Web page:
For a couple of days after fighting on South Mountain in Maryland in September 1862, skirmishes and artillery fire punctuated the efforts of Robert E. Lee and George McClellan to regroup their armies.
Lee turned his attention to his original plan to invade Pennsylvania, and waited at the village of Sharpsburg, Md., for Thomas “Stonewall” Jackson to mop up the Federals at Harpers Ferry, Va., and join him. McClellan had assumed Lee would retreat across the Potomac River to the relative safety of Confederate Virginia. But he didn’t.
McClellan massed his own troops, cutting off Lee’s route to Pennsylvania along the Hagerstown Pike. Lee resolved to make a stand anyway.
Beginning at dawn September 17, the two armies surged back and forth across cornfields, through the woods, around a small country church and over a stone bridge crossing Antietam Creek.
By dusk, the once pastoral countryside surrounding the village of Sharpsburg—population about 1,300—had morphed into an apocalyptic tableau of incomprehensible carnage.
Lee braced for a rematch September 18, but McClellan characteristically hesitated, and on September 19, Lee escaped across the Potomac, his plans to invade Pennsylvania abandoned. At least for now.
The Battle of Antietam, however, had a host of repercussions— both on and off the field.
Whose side are you on?
In Sharpsburg, the response was mixed. Although western Maryland contained more Union loyalists than the state’s central and southern regions, divisions remained. Slaves had been sold on Sharpsburg’s town square, and many locals sympathized with the South. Reflecting these divisions, Maryland’s battle monument is the only one on the battlefield to be dedicated to both sides.
The Battle of Antietam occurred exactly 75 years after delegates to the Constitutional Convention in Philadelphia signed off on the U.S. Constitution.
A Confederate shot struck a stone outcropping in front of the 107th Pennsylvania’s position, bouncing over their heads. But at the Roulette Farm, the 102nd was plagued by swarms of angry bees.
On the same day as Antietam, British Foreign Secretary Lord John Russell agreed in a letter to Prime Minister Viscount Palmerston that if the Union suffered another defeat, Britain should join France in a proposal to mediate the American conflict, presuming the nation would be permanently divided. And if the North refused, “we ought ourselves to recognise the Southern States as an independent State.” But after Lee was stopped at Antietam, the British government had second thoughts. The release of Lincoln’s preliminary Emancipation Proclamation ignited support for the Union in abolitionist Britain, and the position of those who still wanted to intervene eventually became untenable. French Emperor Napoleon III, who was trying to take over Mexico, still wanted to step in—but ultimately declined to interfere without Britain.
Lee was looking beyond his next military engagement to the Union’s upcoming midterm elections when he plotted his Northern invasion. “The present position of affairs, in my opinion, places it in the power of the government of the Confederate States to propose…the recognition of our independence” to the United States, he wrote Confederate President Jefferson Davis on September 8. “The rejection of this offer would prove to the country that the responsibility of the continuance of the war does not rest upon us, but that the party in power in the United States elect to prosecute it for purposes of their own. The proposal of peace would enable the people of the United States to determine at their coming elections whether they will support those who favor a prolongation of the war, or those who wish to bring it to a termination.”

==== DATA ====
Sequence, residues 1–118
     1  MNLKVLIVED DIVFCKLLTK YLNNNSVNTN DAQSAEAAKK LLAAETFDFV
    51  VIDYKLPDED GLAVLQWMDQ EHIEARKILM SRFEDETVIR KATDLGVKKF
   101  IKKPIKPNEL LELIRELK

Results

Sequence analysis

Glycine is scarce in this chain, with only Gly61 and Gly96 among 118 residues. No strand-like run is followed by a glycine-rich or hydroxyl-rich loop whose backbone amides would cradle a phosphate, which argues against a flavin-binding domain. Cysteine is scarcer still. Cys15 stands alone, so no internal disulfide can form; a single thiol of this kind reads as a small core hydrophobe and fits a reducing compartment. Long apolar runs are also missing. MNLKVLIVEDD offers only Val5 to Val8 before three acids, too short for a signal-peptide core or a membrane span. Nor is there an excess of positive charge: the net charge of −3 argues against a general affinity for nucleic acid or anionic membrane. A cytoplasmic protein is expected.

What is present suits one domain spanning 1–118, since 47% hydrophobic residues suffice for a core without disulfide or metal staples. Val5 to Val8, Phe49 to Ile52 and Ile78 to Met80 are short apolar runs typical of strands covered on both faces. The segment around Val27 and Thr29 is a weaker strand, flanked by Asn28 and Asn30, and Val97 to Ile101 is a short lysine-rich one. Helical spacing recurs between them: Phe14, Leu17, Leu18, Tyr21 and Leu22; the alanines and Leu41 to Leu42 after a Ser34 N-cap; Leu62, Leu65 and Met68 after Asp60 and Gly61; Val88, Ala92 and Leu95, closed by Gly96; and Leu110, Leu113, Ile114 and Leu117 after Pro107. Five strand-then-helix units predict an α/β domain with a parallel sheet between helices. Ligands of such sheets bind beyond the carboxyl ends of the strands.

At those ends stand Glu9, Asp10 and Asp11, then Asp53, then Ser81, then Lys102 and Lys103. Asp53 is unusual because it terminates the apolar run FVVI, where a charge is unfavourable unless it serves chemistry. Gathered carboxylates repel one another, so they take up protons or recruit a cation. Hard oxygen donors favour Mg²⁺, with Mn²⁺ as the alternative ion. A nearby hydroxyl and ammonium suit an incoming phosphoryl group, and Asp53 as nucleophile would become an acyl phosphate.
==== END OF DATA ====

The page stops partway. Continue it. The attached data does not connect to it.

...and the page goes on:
In other words, a Confederate victory on Northern soil might scare voters into electing to Congress a majority of Peace Democrats who were willing to let the South go, forcing Abraham Lincoln and the Republicans to accept a negotiated peace and recognize the Confederacy.
The loss at Antietam changed the game.
While Lee was burrowing into Maryland, Abraham Lincoln had made a pact with the Almighty, Naval Secretary Gideon Welles recalled. Five days after Antietam, Lincoln revealed to his Cabinet that he had “made a vow, a covenant, that if God gave us the victory in the approaching battle, he would consider it an indication of Divine will, and that it was his duty to move forward with the cause of emancipation,” Welles remembered. Lincoln had heeded the Cabinet’s advice in July to hold his Emancipation Proclamation until he could issue it on the strength of a Union victory. Although “the action of the army against the rebels has not been quite what I should have best liked,” Lincoln said, he made good on his promise to his Maker and rescued the proclamation from his desk drawer, where it had been stored all summer. As of January 1, 1863, slaves residing in states in rebellion would be “henceforth and forever free.”
While some have argued the proclamation didn’t actually free anyone since the states in rebellion did not recognize Lincoln’s authority, Lincoln saw it as a war powers tool—in areas of the South occupied by Federal troops, slaves could indeed claim freedom, thereby depriving Southern interests of their labor force. “Every slave withdrawn from the enemy is the equivalent of a white man put hors de combat,” General in Chief Henry Halleck wrote Brig. Gen. Ulysses S. Grant.
Suddenly the war wasn’t just about restoring the Union. Emancipation, always bubbling under the surface, now was an irrevocable factor.
Originally published in the September 2012 issue of America’s Civil War. To subscribe, click here.